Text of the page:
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Doctor's Degree in Community Organization & Advocacy

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Doctor’s Degrees in Community Organization & Advocacy

10 Yearly Graduations
90% Women
50% Racial-Ethnic Minorities*
A doctor's degree in community organization is offered at 3 colleges in the United States. In recent years, the majority of the students getting degrees in this area were female, and 50% were from an underrepresented racial-ethnic group. Also, 30.0% of community organization graduates were international students.

Education Levels of Community Organization Majors

In 2018-2019, 10 earned their doctor's degree in community organization. This earns it the #226 spot on the list of the most popular doctor's degree programs in the nation.

The following table shows the number of diplomas awarded in community organization at each degree level.

Education Level Number of Grads
Bachelor’s Degree 1,625
Associate’s Degree 507
Master’s Degree 469
Basic Certificate 119
Graduate Certificate 62
Undergraduate Certificate 40
Doctor’s Degree 10

Earnings of Community Organization Majors With Doctor’s Degrees

We are unable to calculate the median earnings for community organization majors with their doctor's degree due to lack of data.

Student Debt

The data on debt ranges for community organization majors who have their doctor's degree is not available.

Student Diversity

More women than men pursue their doctor's degree in community organization. About 90.0% of graduates with this degree are female.

Gender Number of Grads
Men 1
Women 9
Gender Diversity of Doctor's Degrees in Community Organization

The racial-ethnic distribution of community organization doctor’s degree students is as follows:

Race/Ethnicity Number of Grads
Asian 1
Black or African American 3
Hispanic or Latino 1
White 2
International Students 3
Other Races/Ethnicities 0
Racial-Ethnic Diversity of Community Organization Doctor's Degree Students

There are 3 colleges that offer a doctor’s degree in community organization. Learn more about the most popular 3 below:

5 Yearly Graduations
100% Women
20% Racial-Ethnic Minorities*

University of Illinois at Urbana-Champaign tops the list of the most popular school in the U.S. for community organization majors who are seeking their doctor's degree. The average in-state tuition for full-time undergraduates is $14,188 per year, while in-state graduate students, on average, pay $14,997 per year.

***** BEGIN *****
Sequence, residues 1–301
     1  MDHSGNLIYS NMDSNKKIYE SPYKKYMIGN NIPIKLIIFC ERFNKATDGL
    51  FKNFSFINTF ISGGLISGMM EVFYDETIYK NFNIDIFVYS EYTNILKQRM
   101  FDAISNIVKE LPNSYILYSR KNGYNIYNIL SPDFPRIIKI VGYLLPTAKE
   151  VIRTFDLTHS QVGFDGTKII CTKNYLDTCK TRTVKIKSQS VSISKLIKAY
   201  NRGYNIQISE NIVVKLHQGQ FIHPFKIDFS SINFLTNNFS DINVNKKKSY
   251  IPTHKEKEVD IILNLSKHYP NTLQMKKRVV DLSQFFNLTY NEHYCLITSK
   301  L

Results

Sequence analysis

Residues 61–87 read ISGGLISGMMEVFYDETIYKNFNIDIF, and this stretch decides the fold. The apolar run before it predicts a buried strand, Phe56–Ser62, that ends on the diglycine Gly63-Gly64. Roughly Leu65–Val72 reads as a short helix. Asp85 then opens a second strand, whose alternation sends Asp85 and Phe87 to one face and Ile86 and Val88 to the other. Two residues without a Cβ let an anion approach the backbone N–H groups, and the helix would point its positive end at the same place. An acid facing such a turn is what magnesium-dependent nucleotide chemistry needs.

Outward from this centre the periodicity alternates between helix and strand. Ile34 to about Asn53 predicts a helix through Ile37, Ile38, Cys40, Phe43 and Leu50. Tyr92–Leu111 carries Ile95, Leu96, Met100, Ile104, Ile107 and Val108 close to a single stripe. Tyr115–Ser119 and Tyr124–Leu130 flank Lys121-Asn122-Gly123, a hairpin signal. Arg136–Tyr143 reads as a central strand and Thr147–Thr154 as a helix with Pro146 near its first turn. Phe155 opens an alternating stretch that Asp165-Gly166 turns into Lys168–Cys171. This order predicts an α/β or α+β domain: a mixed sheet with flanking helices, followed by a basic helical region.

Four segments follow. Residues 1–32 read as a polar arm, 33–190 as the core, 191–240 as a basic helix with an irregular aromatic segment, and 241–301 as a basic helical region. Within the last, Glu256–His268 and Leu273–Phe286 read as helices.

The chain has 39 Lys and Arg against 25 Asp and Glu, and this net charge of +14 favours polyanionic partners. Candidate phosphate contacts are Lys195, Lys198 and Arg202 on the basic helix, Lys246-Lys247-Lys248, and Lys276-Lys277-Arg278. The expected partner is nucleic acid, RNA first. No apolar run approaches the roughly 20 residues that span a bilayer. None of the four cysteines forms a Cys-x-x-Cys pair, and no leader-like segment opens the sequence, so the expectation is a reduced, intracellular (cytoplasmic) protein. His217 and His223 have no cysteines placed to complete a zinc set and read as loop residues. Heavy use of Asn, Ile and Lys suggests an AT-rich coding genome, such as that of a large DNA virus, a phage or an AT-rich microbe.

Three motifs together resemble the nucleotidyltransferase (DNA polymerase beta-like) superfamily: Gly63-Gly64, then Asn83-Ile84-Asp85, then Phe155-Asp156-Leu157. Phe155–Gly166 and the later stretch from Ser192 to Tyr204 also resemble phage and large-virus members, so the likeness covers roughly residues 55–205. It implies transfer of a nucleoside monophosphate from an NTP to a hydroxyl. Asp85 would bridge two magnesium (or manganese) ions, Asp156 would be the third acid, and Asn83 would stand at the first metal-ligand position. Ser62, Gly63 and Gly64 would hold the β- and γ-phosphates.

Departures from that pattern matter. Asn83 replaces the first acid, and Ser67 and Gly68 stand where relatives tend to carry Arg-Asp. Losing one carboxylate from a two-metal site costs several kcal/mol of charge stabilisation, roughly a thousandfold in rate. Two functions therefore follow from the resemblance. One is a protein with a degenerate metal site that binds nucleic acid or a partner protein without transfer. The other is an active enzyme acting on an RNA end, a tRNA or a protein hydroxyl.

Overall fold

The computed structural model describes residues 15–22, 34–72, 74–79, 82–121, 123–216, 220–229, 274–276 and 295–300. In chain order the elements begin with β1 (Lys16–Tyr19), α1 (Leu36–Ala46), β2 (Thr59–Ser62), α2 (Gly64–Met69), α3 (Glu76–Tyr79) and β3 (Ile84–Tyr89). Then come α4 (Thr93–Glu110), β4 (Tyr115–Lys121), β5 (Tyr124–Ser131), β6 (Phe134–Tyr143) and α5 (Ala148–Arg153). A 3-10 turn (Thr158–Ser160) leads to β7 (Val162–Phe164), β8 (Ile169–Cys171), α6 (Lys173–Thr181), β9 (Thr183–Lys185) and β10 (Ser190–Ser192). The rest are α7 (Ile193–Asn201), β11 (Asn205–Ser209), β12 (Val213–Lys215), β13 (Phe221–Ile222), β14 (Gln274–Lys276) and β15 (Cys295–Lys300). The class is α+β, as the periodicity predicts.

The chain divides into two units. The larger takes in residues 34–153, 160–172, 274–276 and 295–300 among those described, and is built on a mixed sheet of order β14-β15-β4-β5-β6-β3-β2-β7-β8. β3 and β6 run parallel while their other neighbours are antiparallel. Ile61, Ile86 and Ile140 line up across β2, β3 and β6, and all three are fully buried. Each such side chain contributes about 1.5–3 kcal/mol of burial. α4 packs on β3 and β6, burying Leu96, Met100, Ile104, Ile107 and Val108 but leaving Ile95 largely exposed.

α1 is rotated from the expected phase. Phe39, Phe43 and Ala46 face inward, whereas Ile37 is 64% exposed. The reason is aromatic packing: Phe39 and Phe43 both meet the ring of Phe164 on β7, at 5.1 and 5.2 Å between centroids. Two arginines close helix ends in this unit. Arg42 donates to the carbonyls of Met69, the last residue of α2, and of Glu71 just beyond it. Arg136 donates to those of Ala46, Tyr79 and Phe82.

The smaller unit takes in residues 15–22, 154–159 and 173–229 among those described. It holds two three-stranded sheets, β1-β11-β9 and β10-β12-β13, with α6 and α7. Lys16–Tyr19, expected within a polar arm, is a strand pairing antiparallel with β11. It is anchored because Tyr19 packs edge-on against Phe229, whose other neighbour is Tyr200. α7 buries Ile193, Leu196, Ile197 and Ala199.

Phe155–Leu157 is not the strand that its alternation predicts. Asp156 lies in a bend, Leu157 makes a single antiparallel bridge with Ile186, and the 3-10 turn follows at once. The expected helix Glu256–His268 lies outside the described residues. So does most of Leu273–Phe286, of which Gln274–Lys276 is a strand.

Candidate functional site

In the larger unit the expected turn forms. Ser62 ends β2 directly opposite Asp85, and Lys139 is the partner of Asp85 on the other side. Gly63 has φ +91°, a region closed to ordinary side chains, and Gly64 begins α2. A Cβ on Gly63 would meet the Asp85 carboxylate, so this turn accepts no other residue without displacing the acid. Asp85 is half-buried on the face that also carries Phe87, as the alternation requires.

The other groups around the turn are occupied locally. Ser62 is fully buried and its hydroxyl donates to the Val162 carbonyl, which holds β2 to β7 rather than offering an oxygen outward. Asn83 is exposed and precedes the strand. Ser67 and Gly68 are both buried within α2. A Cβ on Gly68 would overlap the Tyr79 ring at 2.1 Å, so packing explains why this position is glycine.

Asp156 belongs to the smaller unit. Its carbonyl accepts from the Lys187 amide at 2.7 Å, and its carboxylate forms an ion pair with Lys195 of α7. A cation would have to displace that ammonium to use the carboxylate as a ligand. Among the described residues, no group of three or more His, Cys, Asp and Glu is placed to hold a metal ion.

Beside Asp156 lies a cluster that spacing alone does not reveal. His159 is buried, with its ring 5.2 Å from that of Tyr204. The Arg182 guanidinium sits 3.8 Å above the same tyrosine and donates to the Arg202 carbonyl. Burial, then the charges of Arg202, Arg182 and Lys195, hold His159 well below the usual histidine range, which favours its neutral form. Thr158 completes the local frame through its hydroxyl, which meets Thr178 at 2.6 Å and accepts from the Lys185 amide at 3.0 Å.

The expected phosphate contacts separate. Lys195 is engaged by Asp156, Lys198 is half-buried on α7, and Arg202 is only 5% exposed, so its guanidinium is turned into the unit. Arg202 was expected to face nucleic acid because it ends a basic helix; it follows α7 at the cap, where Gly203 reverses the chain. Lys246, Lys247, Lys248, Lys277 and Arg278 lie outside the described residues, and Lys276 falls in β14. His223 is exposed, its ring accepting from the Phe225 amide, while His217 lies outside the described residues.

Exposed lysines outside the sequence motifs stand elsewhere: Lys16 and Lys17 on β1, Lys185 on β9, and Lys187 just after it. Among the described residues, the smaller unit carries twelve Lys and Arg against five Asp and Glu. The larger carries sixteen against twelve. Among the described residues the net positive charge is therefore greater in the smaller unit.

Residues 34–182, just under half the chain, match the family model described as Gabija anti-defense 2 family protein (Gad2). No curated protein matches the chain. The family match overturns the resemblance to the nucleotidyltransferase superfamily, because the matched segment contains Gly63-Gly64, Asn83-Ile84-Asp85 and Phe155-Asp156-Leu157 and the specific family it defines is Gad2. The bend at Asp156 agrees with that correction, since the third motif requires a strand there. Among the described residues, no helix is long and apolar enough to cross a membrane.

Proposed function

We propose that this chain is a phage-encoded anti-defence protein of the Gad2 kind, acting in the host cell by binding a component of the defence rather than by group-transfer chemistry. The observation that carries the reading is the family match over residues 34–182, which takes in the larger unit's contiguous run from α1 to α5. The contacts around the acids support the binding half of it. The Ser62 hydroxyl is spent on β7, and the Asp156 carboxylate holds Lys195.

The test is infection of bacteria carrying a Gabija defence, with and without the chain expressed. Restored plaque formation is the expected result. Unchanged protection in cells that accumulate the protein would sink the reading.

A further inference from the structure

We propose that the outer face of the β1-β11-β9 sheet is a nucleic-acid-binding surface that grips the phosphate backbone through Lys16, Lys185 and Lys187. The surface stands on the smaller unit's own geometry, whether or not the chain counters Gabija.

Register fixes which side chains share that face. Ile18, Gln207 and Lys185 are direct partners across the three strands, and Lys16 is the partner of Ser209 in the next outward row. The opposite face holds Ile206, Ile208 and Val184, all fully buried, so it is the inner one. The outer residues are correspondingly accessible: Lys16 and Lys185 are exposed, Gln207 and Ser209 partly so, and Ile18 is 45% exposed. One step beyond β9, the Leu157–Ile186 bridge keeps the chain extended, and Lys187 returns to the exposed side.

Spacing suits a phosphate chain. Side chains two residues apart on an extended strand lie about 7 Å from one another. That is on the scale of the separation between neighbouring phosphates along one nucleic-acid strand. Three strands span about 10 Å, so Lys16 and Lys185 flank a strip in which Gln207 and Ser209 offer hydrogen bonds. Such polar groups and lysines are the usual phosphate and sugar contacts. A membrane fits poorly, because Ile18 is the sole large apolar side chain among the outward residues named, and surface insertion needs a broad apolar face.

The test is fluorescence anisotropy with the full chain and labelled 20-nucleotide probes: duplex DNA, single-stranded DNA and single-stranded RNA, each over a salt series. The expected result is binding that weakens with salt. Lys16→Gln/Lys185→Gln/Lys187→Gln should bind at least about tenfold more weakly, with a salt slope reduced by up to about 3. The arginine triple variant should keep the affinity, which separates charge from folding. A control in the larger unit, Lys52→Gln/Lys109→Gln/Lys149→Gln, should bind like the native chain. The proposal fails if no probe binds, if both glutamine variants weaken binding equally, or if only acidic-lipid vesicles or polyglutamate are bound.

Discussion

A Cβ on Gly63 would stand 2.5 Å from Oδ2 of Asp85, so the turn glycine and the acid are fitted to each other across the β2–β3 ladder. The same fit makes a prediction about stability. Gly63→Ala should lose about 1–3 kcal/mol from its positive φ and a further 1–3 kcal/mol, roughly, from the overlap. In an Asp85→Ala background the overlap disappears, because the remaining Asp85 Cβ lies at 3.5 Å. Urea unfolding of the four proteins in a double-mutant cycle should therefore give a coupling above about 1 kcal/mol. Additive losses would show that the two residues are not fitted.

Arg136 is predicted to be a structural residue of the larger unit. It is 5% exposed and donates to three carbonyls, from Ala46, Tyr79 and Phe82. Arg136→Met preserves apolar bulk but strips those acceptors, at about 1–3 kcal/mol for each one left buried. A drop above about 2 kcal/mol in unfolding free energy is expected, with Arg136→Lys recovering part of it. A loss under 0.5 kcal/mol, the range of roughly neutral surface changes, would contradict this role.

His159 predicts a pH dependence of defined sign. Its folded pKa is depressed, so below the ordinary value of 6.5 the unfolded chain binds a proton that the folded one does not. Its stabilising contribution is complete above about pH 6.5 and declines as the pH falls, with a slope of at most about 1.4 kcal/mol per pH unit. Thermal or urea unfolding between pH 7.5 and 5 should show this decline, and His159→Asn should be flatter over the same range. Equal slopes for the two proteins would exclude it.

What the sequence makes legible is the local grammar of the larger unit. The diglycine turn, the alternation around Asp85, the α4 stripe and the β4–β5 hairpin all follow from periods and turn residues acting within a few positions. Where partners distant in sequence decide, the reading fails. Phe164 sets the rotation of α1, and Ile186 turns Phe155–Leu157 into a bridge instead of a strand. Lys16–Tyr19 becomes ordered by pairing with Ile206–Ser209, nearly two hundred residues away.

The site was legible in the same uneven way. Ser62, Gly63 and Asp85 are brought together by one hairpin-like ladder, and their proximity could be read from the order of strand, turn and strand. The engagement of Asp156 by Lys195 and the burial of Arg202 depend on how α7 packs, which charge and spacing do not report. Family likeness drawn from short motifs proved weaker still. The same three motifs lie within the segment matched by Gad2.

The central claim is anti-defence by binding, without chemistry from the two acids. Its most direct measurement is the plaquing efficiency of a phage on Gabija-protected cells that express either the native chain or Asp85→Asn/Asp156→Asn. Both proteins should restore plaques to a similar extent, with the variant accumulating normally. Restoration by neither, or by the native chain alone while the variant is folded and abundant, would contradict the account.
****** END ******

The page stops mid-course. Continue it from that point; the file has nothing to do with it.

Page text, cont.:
During the 2018-2019 academic year, 5 people received their doctor's degree in community organization from UIUC. Around 20% of these students were from an underrepresented racial-ethnic group, and 100% were women.

#2

Point Park University

Pittsburgh, Pennsylvania
4 Yearly Graduations
75% Women
75% Racial-Ethnic Minorities*

Point Park University is the 2nd most popular school in the nation for students seeking a doctor's degree in community organization. Roughly 3,900 attend the school each year. The average in-state tuition for full-time undergraduates is $31,180 per year, while in-state graduate students, on average, pay $15,858 per year.

The community organization program at Point Park University awarded 4 doctor's degrees during the 2018-2019 school year. About 75% of this group were women, and 75% were students from an underrepresented racial-ethnic group.

#3

Cornell University

Ithaca, New York
1 Yearly Graduations
100% Women

Cornell University is the 3rd most popular school in the nation for students seeking a doctor's degree in community organization. The average in-state tuition for full-time undergraduates is $56,550 per year, while in-state graduate students, on average, pay $29,500 per year.

During the 2018-2019 academic year, 1 people received their doctor's degree in community organization from Cornell. About 100% of this group were women, and 100% were students from an underrepresented racial-ethnic group.

Below are some popular majors that are similar to community organization that offer doctor’s degrees.

Major Annual Degrees Awarded
Social Work 579
Public Administration 369
Public Policy 232
Human Services 55
Other Public Administration 50

References

*The racial-ethnic minority student count is calculated by taking the total number of students and subtracting white students, international students, and students whose race/ethnicity was unknown. This number is then divided by the total number of students at the school to obtain the percentage of racial-ethnic minorities.

More about our data sources and methodologies.

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